The doubt mongers

The doubt mongers

The doubt industry doesn’t have to convince the public that a product is harmless, only that the harm is in doubt, and the cost of change may be high.

Doug Muder
Comic strip illustration "there has to be a simple explanation!"

© Lou Brooks /

© Lou Brooks /


In the mid-twentieth century, a lucrative new industry formed. It employed public relations firms, scientists willing to say whatever their employers needed, and representatives able to impress the public with scientific jargon. The new industry’s first clients were tobacco companies, and its product was doubt: doubt that cigarettes caused cancer, that nicotine was addictive, or that secondhand smoke was dangerous.

Tobacco companies used that doubt to produce delay: delayed regulations, fines, and court settlements. Doubt also helped nicotine addicts convince themselves they didn’t need to quit just yet. The companies continued making billions of dollars each year, decades after independent scientists knew that tobacco was killing people.

In business, a success story like that never just dies. It spawns imitators.

So the doubt industry found new clients with harmful products: drugs with damaging side effects, chemicals digging a hole in the ozone layer, and—most lucrative of all—fossil fuels making the Earth’s climate hotter.

In each case, it wasn’t necessary to convince the public that the product was harmless, only that the harm was in doubt, and the cost of change might be high. So it was still too soon to ban or regulate or demand compensation, too soon for the public to change its habits or seek alternatives. Maybe someday, decades hence, after many billions of dollars in further profits, some kind of action might be necessary. But not yet, not while there was still so much doubt.

Whatever the product happened to be, the process of creating doubt about its harm was remarkably similar: cherry-pick the legitimate research for details that could sound doubtful out of context; use money collected from the product’s makers to form apparently independent front groups with public-spirited names (like Citizens for Fire Safety); style the scientists and other representatives hired by such front groups as “independent experts” and then offer them to the media to pair against government or academic scientists in one-on-one debates. Confronted with two apparently equal talking heads—one of whom was selected for media skill rather than scientific expertise—how could the public come to any other conclusion than that no expert consensus had formed, and the science was still not definitive?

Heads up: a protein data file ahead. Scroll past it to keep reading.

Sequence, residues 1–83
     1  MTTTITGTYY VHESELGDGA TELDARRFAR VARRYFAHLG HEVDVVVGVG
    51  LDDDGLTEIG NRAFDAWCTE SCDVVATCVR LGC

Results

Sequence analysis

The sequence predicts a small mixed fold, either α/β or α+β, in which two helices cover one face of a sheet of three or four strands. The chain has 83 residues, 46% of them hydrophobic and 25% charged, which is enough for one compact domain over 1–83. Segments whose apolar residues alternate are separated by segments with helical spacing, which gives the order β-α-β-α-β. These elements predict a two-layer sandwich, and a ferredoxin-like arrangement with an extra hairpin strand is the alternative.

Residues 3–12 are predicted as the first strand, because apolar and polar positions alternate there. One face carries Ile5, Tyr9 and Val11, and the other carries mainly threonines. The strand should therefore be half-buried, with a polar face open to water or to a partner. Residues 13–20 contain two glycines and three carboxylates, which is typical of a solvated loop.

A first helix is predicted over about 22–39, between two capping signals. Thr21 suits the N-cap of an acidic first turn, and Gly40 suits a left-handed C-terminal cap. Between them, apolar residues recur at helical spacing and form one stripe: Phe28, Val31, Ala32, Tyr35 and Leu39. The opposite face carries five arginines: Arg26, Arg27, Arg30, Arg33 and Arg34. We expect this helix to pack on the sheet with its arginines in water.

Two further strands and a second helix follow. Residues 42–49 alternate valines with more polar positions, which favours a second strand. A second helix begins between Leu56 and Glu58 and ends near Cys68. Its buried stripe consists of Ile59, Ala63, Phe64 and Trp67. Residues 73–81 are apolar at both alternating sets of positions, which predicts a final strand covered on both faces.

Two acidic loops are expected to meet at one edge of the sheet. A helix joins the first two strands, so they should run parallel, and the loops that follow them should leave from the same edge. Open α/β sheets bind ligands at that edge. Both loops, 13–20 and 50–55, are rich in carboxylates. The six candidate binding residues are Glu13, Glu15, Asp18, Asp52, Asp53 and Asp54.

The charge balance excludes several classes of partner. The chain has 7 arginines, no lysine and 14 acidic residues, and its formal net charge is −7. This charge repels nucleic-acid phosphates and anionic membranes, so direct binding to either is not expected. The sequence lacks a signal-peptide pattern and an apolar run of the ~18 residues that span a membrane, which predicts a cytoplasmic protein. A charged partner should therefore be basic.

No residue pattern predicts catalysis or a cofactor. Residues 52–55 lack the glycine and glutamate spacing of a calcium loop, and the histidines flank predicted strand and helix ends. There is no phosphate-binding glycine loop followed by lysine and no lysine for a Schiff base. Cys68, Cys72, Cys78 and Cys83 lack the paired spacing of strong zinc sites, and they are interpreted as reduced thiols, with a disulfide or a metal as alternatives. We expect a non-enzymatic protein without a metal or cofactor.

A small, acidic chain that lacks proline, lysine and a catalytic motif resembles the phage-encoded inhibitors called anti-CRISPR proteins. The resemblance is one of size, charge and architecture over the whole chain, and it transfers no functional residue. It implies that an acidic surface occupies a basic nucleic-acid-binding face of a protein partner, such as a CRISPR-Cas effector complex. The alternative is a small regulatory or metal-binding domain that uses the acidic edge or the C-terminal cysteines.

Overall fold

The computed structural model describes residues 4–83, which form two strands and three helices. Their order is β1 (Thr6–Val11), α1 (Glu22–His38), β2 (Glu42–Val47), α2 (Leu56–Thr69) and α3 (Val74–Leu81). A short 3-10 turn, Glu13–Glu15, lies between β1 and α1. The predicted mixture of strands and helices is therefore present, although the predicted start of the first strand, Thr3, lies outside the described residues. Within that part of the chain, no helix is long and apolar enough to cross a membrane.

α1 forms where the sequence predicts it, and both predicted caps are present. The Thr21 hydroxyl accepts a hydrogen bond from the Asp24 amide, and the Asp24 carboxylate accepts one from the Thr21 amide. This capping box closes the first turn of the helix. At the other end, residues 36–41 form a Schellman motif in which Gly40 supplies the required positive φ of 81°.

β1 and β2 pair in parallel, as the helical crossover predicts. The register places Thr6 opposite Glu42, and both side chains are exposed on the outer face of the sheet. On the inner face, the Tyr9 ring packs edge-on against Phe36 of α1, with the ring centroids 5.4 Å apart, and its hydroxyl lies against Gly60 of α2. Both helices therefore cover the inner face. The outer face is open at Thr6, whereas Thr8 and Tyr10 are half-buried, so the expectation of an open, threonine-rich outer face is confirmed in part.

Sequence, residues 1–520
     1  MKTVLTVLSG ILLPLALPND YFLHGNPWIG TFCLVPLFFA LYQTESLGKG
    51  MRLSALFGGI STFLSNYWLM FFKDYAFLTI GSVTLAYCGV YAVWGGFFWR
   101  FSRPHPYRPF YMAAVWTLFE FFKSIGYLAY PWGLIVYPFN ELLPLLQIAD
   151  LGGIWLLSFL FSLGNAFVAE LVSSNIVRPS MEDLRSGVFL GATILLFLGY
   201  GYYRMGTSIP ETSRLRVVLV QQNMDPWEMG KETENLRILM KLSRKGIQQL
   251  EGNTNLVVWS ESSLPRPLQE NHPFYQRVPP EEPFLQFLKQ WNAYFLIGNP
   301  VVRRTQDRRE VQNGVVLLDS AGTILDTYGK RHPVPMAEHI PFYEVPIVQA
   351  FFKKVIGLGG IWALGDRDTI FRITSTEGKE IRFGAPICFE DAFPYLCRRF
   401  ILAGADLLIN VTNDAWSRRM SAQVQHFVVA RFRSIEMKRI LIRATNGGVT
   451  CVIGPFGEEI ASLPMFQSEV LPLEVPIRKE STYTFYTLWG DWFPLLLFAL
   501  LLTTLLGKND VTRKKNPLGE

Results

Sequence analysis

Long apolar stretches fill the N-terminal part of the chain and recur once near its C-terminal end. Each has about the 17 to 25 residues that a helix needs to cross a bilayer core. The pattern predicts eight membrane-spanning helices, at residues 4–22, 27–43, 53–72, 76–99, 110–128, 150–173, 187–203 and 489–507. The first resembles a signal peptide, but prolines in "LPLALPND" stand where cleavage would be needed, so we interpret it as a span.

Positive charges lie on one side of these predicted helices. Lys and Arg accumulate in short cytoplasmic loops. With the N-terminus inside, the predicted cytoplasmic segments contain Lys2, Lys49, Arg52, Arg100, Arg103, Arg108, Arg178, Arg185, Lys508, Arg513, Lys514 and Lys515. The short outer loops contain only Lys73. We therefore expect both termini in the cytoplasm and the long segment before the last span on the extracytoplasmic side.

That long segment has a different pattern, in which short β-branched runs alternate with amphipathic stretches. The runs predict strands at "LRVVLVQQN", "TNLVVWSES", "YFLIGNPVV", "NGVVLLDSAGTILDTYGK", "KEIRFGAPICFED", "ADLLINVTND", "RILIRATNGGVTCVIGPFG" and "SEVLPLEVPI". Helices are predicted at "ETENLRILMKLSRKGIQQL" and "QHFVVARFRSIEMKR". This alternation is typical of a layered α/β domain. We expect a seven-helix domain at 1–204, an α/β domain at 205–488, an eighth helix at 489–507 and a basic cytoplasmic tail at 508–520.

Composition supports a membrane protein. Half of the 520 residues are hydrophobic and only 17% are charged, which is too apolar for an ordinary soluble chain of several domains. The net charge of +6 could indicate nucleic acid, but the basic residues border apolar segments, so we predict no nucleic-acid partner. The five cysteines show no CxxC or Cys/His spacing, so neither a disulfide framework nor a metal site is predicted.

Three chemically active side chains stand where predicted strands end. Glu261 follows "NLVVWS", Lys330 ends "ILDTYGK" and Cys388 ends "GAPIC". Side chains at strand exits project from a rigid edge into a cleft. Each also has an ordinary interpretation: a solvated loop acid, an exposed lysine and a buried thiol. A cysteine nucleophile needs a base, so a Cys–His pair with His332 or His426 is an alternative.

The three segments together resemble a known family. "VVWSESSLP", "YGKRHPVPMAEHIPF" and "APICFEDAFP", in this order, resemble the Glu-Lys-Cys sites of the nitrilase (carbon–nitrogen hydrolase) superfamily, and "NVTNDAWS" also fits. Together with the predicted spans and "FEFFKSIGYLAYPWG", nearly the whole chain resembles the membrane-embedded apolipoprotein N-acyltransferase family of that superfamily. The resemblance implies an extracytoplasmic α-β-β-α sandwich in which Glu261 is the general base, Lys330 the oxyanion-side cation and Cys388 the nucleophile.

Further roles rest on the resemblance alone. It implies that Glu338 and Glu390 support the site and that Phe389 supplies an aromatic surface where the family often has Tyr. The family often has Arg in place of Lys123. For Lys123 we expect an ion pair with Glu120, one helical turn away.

The story of the doubt industry has been available for years in books like Doubt Is Their Product by David Michaels (Oxford UP, 2008) and Merchants of Doubt by Naomi Oreskes and Erik M. Conway (Bloomsbury, 2010). Both are excellent works of investigative journalism, but they have circulated mainly among activists. Although well written, they are too detailed and too upsetting to appeal to a mainstream audience. It is far too easy to put either book down and do something less stressful.